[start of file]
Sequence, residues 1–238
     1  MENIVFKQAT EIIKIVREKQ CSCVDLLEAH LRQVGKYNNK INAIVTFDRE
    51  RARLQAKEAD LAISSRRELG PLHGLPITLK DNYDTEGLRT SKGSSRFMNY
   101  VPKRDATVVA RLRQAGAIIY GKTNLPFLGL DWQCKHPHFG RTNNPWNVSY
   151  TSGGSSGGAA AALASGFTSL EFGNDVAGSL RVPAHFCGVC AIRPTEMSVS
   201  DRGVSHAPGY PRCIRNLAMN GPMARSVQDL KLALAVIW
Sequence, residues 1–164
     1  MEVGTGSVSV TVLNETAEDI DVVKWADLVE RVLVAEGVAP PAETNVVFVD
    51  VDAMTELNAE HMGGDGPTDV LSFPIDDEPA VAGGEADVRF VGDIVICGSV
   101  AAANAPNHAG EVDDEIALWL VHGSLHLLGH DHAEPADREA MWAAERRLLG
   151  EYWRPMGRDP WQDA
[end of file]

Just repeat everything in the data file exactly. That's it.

Sequence, residues 1–238
     1  MENIVFKQAT EIIKIVREKQ CSCVDLLEAH LRQVGKYNNK INAIVTFDRE
    51  RARLQAKEAD LAISSRRELG PLHGLPITLK DNYDTEGLRT SKGSSRFMNY
   101  VPKRDATVVA RLRQAGAIIY GKTNLPFLGL DWQCKHPHFG RTNNPWNVSY
   151  TSGGSSGGAA AALASGFTSL EFGNDVAGSL RVPAHFCGVC AIRPTEMSVS
   201  DRGVSHAPGY PRCIRNLAMN GPMARSVQDL KLALAVIW
Sequence, residues 1–164
     1  MEVGTGSVSV TVLNETAEDI DVVKWADLVE RVLVAEGVAP PAETNVVFVD
    51  VDAMTELNAE HMGGDGPTDV LSFPIDDEPA VAGGEADVRF VGDIVICGSV
   101  AAANAPNHAG EVDDEIALWL VHGSLHLLGH DHAEPADREA MWAAERRLLG
   151  EYWRPMGRDP WQDA